In the aspect of emotions, men are supposed to be powerful and tough, unfeeling and insensitive. Nothing gets to them. This is a fallacy. Men can feel just as much as women can. However since the society has limited them in the way they express their emotions, they tend to reinforce that stereotype with a stiff upper lip. Sometimes they express that emotion in a destructive pattern of abuse. It is true a lot of men have problems with sensitivity but it is something that can be developed especially if they are given that chance or encouraged to be so. Women however are deemed as helpless and childish, sensitive and intuitive. There’s something romantic about the damsel in distress always being rescued by the knight, but that is not always true. Women are not as helpless and dependent as they appear. They are actually capable of taking care of themselves and making decisions on their own.
Men do not have a primary interest in marriage and parenthood. There’s this wrong notion that men are forced into marriage. Every man is supposedly scared of his wedding day which is to signal the loss of his ‘freedom.’ However, a lot of men are as excited and even more excited than their brides on their wedding day. But as the society has thought them not to care too much about those sort of things, they tend to develop a laiseez-faire attitude. They want to affirm their supremacy in a relationship by being hesitant to either make a commitment or form an attachment in fear of being tied down. This attitude has caused a lot of tension in relationships and even the loss of some relationships because the other party could not see any sign of commitment even though deep down the man knows he is ready to settle down with that particular person. On the other hand, women are viewed as desperate to settle down. They are the ones always chasing after the commitment, quick to form attachments. While it is true that women have these nesting instincts, it is dangerous for the average male to assume that because a woman likes him and is going out with him, she is desperate to settle down with him. Many times the expectations of both partners in the relationship are more in sync than either party realizes. To avoid unnecessary confusion and heartache, perhaps the question of expectations must be brought up very early in the relationship.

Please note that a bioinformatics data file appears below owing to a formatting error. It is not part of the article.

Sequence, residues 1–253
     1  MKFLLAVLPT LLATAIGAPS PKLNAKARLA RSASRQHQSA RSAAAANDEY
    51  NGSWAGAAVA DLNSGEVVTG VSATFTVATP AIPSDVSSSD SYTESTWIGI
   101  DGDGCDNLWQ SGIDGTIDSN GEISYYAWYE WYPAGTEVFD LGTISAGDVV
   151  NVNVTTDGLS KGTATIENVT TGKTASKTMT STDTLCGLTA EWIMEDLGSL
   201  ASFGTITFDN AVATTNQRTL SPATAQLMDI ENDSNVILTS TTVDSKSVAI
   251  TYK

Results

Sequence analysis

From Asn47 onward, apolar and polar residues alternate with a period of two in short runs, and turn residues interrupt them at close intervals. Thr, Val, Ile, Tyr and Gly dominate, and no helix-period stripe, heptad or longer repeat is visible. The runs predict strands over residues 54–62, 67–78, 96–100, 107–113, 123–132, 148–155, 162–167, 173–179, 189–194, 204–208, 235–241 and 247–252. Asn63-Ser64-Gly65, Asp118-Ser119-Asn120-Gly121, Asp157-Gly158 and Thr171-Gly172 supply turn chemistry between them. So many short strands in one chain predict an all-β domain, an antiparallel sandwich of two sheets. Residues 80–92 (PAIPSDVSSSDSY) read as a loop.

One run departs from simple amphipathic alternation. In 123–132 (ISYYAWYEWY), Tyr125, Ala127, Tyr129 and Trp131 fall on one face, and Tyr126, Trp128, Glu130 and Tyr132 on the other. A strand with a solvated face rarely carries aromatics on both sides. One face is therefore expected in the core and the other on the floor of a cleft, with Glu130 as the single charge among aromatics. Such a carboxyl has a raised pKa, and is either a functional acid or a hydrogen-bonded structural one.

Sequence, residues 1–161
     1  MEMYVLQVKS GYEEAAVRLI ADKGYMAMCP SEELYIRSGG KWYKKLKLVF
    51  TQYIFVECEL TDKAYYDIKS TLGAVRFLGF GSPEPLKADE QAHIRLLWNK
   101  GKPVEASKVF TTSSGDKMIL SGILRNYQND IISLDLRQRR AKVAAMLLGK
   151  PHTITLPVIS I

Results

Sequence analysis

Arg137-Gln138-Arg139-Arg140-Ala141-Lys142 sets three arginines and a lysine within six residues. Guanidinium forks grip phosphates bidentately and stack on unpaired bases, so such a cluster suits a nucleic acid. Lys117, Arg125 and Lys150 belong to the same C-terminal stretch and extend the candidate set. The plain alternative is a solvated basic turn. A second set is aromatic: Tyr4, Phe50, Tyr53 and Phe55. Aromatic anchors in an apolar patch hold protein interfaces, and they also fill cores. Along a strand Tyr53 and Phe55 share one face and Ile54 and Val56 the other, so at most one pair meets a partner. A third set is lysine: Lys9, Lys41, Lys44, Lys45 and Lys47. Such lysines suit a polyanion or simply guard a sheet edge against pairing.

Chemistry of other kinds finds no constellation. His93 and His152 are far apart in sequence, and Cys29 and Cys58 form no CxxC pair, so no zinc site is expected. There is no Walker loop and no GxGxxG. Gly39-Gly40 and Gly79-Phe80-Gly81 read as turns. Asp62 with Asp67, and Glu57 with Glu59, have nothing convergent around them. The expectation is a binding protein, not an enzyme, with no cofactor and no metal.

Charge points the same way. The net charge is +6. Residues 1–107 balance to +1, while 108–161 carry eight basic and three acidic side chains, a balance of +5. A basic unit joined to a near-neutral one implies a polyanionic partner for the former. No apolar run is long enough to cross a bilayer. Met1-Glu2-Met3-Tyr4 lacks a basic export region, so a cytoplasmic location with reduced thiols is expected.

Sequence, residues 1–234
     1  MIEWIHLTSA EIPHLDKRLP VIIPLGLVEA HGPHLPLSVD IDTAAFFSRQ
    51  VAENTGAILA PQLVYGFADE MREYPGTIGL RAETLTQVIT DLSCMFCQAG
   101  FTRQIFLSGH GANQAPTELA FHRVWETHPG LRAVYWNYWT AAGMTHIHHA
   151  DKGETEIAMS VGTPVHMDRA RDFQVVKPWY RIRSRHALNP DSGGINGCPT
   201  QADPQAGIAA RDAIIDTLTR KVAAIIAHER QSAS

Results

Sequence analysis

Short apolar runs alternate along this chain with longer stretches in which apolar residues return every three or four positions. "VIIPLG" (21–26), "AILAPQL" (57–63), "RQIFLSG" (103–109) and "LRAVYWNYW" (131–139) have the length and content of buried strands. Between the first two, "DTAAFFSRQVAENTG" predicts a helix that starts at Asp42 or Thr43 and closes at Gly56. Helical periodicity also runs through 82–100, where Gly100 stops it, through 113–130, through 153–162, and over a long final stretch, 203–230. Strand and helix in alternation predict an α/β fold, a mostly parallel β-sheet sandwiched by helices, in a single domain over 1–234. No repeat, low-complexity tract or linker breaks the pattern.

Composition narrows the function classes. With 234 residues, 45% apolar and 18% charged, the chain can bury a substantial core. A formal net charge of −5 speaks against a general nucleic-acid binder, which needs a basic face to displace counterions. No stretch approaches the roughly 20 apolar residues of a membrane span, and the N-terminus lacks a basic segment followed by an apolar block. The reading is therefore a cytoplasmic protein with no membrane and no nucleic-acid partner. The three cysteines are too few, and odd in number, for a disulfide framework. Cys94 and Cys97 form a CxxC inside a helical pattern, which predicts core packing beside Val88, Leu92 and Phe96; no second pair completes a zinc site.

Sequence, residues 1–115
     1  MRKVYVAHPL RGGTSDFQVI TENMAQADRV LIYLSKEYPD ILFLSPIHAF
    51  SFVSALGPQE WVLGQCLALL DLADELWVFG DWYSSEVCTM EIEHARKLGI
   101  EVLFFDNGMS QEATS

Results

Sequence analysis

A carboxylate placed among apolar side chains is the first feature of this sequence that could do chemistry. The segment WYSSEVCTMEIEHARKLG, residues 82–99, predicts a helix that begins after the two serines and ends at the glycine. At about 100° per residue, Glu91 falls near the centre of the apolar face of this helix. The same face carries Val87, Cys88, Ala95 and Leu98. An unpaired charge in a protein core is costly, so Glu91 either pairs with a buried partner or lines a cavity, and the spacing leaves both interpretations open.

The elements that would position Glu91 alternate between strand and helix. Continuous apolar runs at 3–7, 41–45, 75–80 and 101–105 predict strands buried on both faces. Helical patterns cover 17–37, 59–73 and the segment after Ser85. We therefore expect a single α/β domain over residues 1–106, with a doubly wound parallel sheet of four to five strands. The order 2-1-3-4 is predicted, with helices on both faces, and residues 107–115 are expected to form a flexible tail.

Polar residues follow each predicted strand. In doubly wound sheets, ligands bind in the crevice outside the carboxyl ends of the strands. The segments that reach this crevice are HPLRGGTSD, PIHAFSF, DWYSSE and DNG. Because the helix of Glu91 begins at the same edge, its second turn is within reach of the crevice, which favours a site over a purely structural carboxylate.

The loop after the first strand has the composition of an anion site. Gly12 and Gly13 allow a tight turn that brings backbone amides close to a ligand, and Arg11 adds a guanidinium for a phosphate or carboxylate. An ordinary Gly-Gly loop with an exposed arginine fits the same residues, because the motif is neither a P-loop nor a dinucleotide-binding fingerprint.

In the home, there seem to be well defined gender roles. The woman is expected to clean and cook while the man is supposed to do the household repairs, mow the lawn, take out the trash and other perceived ‘manly’ duties. While this might be a helpful sharing of responsibilities within the home, it is wrong to think that either party cannot switch these roles or at least assist the other party in such duties. A man who cooks for his family is not deemed as less ‘manly’ because of that and a woman who is a wizard at fixing the leaking faucets isn’t any less ‘feminine’. Each home has to figure out what works best for them and each party’s strengths and weaknesses as it is about compromise.
There’s a term that has originated in the present day known as androgynous. This just means an individual being balanced in terms of the perceived male and female gender traits or perceived roles. A well balanced individual should be able to take the best of both traits and incorporate them into his/her character. This is a level we should all seek to attain ; one where we begin to see each other as more than just gender.